Devoid of shock murders, genital close-ups or bodily discharges (save one abortion scene that still pales in comparison to the one in 4 Months, 3 Weeks and 2 Days), The Last Mistress, Catherine Breillat’s first period picture, is less scandalous than any of her recent films, but it proves to be just as engaged with the impossibility of heterosexual relations and the vagaries of desire.
Based on a then-sensational 19th century novel by Jules Amédée Barbey d’Aurevilly, the milieu is one of elegantly costumed French aristocracy whose veneer of high morals barely conceals a sexual economy of infidelity and hypocrisy. While bodice-ripping historical romances are nothing new, Breillat brings her indelible mix of braininess and rawness; mixing verbal and physical sexual exchanges, she aims both high and low where other films settle for a tastefully soft-core middle.
The film begins and ends with a middle-aged couple (Yolande Moreau and the ever-delightful Michael Lonsdale) who tolerate each other chiefly through fancy dinners and gossip, effectively framing the romantic intrigues recounted in between within a larger social context. That one item of gossip involves the husband’s Spanish mistress adds an intriguing layer of openness to the proceedings, presenting morality as a tool more strategically deployed than consistently upheld. Indeed, the wife is more concerned that the mistress in question is also involved with Ryno de Marigny (newcomer Fu’ad Ait Aattou) the fiancé of her virginal niece (Roxanne Mesquida). The niece’s grandmother, the Marquise de Flers (Claude Sarraute), summons the fiancé to give a full account of his dalliances with the lady of ill repute, to which he offers his epic tale of sexual power plays, infidelity and death.
Undoubtedly, the driving force of these proceedings is Asia Argento as Vellini, a bastard Spanish-French maiden turned reputable by wedding an aged English fop, but whose essential wildness remains untamed. Argento, whose wordless gaze is enough to inspire hours of illicit thoughts, doesn’t have to do much to convey wantonness; her mere appearance at an opera in a lacy vermilion dress or her Marlene Dietrich-style performance of the English bar tune “Yes Sir” posits her as a woman centuries ahead of her time. Ryno and Vellini greet each other with looks of lustful reproachment, leading him to deep throat her within plain sight of her husband. When Ryno is injured in the subsequent duel, Vellini leaps upon his sickbed to lick his wounds. They run off to Tunisia, carrying with them the hopes of being one of the few sexually and socially liberated couples of the pre-Victorian era. But disaster befalls them in their attempts to start a life and family together, leading to a raw, al fresco sex scene of stark mournfulness. By this point the film establishes emotional stakes that outstrip your run-of-the-mill costume romp.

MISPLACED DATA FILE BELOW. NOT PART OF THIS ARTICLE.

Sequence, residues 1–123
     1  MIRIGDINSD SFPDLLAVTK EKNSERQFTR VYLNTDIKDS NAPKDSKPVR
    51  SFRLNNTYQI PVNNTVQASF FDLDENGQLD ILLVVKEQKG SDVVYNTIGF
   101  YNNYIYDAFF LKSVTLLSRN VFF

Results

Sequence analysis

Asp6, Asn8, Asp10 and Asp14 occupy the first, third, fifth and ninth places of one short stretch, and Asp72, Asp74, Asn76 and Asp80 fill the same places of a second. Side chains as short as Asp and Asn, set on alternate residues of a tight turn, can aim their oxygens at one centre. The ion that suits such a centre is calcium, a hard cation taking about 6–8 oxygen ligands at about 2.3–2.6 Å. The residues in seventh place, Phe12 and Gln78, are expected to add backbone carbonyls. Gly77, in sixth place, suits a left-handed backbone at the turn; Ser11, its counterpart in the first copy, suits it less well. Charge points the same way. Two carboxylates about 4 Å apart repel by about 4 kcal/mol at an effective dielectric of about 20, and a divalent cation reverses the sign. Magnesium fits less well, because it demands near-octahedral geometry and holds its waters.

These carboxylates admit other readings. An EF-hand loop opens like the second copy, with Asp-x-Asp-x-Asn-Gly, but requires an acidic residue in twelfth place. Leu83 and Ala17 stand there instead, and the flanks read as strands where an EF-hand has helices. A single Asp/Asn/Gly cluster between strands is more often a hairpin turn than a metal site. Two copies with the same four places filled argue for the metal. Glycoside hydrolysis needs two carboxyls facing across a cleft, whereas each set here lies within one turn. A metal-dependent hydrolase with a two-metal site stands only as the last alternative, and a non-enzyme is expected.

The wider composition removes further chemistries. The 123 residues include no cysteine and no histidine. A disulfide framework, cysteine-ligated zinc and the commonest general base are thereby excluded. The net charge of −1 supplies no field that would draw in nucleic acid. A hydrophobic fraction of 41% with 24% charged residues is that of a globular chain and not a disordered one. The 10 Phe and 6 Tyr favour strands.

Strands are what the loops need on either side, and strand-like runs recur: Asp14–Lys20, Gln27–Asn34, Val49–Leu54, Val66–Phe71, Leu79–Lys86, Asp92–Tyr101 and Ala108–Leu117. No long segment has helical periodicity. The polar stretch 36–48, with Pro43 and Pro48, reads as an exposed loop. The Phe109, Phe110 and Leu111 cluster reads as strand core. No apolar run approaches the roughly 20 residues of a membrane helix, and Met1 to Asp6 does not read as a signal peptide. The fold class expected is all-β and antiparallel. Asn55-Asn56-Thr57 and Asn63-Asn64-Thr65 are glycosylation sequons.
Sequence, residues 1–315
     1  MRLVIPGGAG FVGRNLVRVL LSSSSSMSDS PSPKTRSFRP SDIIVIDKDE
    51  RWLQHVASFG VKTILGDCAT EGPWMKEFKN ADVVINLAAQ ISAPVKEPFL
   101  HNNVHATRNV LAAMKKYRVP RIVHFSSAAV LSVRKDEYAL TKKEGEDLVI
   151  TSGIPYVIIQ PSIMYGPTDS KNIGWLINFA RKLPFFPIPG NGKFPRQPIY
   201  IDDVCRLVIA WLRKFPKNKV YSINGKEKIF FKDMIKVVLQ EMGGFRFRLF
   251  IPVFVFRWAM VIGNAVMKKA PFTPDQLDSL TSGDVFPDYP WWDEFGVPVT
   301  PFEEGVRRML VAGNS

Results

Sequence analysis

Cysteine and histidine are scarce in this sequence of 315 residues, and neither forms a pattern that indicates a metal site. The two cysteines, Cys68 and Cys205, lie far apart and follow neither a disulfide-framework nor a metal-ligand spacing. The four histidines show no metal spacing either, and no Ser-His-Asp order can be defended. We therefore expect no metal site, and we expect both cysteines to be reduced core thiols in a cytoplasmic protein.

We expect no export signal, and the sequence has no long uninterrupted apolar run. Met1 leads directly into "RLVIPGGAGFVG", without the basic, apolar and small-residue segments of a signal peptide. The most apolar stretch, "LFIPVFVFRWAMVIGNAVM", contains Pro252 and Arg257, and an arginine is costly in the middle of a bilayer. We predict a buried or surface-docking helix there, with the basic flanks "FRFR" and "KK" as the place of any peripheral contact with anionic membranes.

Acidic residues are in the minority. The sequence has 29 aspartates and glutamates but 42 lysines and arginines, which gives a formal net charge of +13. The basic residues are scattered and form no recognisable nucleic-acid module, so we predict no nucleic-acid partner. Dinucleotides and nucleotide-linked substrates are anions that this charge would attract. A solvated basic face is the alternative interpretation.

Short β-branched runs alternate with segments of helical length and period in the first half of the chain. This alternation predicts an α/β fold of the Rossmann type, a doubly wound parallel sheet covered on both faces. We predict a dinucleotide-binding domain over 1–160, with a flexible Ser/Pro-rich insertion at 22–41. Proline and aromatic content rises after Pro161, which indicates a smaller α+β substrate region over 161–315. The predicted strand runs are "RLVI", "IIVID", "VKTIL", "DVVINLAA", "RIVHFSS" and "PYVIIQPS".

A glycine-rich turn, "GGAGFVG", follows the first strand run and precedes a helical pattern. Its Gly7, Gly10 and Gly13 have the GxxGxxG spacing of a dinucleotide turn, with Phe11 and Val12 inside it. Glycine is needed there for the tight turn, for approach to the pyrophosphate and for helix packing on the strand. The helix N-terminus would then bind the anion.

Ryno relays all of this to the Marquise with full candor and, pleased to find someone whose experiences stretch beyond the safe confines of respectable mediocrity, she grants him her granddaughter’s hand with the ironic intention that he can find true love through the socially acceptable role of a dutiful husband. (It’s as if the Marquise was simultaneously rewarding and forgiving Ryno for his exploits.) It’s surprising that the Marquise, in all her wisdom, would believe Ryno’s assurances that Vellini is out of his life for good, for she soon turns up, stalking the young man as he begins a new life with his already-pregnant wife at a remote seaside estate.
The Last Mistress fascinatingly juggles perspectives: it is as much about outsiders’ judgmental understanding and accounting of the intimate behavior of others as it is about the deep-rooted relevance for the first-hand participants of a sexual relationship. The film ends with a simultaneous tragedy and triumph, as the connection between the now-married Ryno and his unrelenting mistress becomes socially normalized, both for them and for everyone in touch with them. True love in both its conventional and radical manifestations cancel each other out in an uneasy cease-fire. Perhaps the most provocative aspect of these pitiable mortals’ scandalous quest for romance is that it ends not with a bang, but with a whimper.
Kevin B. Lee is a filmmaker based in New York City. He has written for Cinema-Scope, The Chicago Reader, Senses of Cinema and Slant. His website is www.alsolikelife.com.